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Bears Draft Wrap-Up

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Cole Kmet 'still in shock' about joining Bears


The life-changing moment Cole Kmet experienced last Friday night still doesn't seem real to the Notre Dame tight end.

An avid Bears fan while growing up in Lake Barrington, Kmet celebrated with his family in their Arlington Heights home when he learned he was being drafted by his favorite NFL team.

The next day, friends and neighbors adhering to social-distancing guidelines formed an impromptu parade of cars that lasted for 45 minutes. They drove slowly past the Kmet home, honking their horns to congratulate him.

"It's still amazing to me," Kmet said Thursday night on the Bears All-Access radio show on WSCR 670 AM. "It's been almost a week now since the draft and I'm still just in shock every day that I get to stay home and I get to be around here and I get to play for the Chicago Bears.

"It's just really special for me and I know for my family and the community. We're just all real excited and can't wait for the season to get started."

Kmet, who starred at St. Viator High School in Arlington Heights, was chosen by the Bears with the 43rd pick in the second round of the draft. The 6-6, 262-pounder was a three-year contributor at Notre Dame who blossomed as a junior last year, establishing career highs in all receiving categories with 43 receptions for 515 yards and six touchdowns.

The Bears plan on employing Kmet as their "Y" tight end, an integral position in their offense. The 21-year-old is eager to fill that role and to begin learning the system.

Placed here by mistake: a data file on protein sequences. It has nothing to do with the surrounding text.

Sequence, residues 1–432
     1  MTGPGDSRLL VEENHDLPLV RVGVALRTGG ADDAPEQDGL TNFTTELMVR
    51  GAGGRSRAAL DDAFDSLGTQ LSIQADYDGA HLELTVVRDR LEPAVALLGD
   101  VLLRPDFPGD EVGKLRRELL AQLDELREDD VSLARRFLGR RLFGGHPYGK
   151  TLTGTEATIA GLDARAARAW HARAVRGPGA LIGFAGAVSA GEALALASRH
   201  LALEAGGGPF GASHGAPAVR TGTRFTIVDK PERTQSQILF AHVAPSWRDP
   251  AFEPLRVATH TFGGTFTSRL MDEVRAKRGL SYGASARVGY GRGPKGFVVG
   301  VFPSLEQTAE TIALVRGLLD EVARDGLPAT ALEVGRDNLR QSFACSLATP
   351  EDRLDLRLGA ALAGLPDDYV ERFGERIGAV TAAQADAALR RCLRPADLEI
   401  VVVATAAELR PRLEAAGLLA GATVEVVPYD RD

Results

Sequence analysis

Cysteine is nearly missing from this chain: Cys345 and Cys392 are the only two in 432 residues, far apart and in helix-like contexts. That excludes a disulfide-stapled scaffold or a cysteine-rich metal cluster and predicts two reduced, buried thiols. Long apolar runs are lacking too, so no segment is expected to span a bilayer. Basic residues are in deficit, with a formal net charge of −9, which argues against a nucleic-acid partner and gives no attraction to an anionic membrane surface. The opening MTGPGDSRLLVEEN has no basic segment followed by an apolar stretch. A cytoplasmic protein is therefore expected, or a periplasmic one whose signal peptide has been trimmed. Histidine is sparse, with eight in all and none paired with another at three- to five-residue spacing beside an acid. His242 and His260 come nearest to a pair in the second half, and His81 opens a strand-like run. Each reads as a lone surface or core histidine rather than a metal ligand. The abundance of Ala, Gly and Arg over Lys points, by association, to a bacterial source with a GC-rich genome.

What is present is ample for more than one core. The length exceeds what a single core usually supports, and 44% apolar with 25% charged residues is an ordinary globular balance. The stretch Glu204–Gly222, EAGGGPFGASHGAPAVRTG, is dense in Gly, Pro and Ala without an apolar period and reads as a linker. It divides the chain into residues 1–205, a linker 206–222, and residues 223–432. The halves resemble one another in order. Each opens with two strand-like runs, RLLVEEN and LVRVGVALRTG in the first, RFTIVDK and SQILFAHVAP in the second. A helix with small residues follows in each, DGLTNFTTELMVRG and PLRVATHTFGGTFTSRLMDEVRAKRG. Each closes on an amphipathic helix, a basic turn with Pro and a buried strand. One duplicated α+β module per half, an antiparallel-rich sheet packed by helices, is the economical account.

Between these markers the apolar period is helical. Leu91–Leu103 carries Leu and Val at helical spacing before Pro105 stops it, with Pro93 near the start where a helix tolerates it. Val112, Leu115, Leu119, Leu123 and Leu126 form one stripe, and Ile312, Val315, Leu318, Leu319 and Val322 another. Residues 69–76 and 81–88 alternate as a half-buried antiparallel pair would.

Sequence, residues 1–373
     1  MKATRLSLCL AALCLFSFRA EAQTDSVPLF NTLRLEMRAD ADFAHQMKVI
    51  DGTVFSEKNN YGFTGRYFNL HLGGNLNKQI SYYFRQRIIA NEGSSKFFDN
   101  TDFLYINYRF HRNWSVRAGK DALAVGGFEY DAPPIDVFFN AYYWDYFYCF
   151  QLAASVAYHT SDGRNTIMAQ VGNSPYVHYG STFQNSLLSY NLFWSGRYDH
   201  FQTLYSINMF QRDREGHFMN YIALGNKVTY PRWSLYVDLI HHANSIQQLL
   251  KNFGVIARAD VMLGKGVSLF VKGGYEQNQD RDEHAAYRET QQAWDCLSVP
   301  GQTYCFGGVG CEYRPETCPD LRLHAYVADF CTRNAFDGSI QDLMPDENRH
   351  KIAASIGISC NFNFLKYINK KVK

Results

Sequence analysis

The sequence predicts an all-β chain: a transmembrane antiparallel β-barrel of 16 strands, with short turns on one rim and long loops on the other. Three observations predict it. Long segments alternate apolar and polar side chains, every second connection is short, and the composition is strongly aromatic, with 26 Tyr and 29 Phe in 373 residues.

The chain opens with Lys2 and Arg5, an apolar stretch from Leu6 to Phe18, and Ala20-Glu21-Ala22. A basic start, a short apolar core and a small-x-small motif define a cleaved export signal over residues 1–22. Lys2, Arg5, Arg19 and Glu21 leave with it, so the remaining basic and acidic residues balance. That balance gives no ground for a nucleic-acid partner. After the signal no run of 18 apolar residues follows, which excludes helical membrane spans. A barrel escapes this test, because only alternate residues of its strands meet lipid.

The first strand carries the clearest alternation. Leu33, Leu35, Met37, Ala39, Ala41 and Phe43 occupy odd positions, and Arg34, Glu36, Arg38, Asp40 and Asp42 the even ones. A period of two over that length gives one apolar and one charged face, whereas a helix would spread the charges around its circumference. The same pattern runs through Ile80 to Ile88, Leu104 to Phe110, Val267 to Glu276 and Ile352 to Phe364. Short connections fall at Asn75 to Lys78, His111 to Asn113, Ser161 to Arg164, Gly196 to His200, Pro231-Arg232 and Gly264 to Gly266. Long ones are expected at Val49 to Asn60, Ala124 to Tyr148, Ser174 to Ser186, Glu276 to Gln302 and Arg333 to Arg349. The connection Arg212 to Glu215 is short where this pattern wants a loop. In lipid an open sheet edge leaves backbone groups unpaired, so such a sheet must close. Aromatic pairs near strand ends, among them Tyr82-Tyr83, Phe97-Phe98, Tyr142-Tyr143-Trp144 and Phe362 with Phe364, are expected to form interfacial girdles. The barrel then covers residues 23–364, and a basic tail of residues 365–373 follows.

"I think the offense is predicated on a lot of play-action and a lot of use of the tight end moving around and being able to go inline and in the slot, be split out wide as a receiver," Kmet said. "So there are a lot of things. When you watch coach Nagy, where he was at with Kansas City and how he used those tight ends there, there's a lot to be had for tight ends in this offense, so it's really exciting for me."

With NFL team facilities closed due to the coronavirus, the Bears are conducting their offseason program solely on a virtual basis. A rookie minicamp will be held next Friday through Sunday. After players are given the week of May 11 off, the rookies will join their veteran teammates for the final six weeks of the program, beginning May 18.

The inability to meet with teammates and coaches and work out at Halas Hall presents unique challenges. But the kid who grew up with a Brian Urlacher Fathead on his basement wall is confident that he'll be able to learn the Bears offense.

"They've sent me everything I need in terms of playbook-wise on an iPad and all that," Kmet said. "And I've been able to call the coaches and stuff and get in touch with them. In the next couple weeks when our virtual minicamp starts, we'll really be able to sit down and look over the playbook and kind of get in depth with it.

"I'm not really too concerned in terms of learning it. I have a good knack for picking up stuff and I have a pretty good sense of looking at the playbook and being able to digest it and all. I know it may be a little weird virtually, but I'm pretty confident I'm going to figure it out."

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